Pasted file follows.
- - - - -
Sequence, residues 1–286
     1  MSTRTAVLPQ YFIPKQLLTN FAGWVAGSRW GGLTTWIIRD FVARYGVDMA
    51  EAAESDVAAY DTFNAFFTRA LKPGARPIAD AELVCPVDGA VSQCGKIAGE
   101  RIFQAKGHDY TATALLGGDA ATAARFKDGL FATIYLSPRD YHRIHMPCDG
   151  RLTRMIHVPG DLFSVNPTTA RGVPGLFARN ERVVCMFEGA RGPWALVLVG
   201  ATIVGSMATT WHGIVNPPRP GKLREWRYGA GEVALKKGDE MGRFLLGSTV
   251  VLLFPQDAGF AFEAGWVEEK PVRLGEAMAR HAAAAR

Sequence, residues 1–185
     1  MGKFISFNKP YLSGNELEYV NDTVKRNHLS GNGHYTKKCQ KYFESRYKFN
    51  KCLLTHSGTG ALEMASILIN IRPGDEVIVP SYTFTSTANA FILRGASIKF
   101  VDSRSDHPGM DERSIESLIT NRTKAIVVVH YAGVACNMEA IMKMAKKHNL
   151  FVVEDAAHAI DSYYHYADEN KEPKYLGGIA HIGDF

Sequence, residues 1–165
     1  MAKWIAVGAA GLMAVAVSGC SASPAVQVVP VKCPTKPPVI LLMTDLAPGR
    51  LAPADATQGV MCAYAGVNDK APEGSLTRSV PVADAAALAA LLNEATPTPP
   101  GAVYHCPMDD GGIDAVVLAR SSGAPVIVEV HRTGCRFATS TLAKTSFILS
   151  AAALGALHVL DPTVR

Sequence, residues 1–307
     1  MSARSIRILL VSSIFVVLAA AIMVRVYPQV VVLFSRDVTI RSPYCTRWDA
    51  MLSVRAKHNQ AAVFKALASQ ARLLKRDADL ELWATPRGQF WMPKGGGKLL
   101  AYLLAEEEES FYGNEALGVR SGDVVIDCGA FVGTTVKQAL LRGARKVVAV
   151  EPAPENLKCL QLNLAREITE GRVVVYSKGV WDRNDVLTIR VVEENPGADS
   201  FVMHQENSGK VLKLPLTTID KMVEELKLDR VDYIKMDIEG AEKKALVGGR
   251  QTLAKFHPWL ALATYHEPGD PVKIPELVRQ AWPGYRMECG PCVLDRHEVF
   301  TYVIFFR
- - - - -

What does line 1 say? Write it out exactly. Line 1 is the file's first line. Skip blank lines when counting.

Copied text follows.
Sequence, residues 1–286